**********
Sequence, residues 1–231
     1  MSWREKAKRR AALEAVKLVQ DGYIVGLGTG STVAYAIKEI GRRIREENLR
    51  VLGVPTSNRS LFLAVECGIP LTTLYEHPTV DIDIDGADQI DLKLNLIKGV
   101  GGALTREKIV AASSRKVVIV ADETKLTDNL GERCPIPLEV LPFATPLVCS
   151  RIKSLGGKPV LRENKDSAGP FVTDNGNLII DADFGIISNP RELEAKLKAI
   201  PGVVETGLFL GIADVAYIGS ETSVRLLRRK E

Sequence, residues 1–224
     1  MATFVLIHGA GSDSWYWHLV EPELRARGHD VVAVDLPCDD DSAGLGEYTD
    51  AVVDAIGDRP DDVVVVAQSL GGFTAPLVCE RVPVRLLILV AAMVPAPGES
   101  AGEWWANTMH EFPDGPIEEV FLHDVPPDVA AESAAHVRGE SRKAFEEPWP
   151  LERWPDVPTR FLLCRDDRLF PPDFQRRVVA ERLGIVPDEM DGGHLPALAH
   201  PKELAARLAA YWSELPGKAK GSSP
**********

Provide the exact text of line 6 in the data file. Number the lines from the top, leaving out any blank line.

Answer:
   201  PGVVETGLFL GIADVAYIGS ETSVRLLRRK E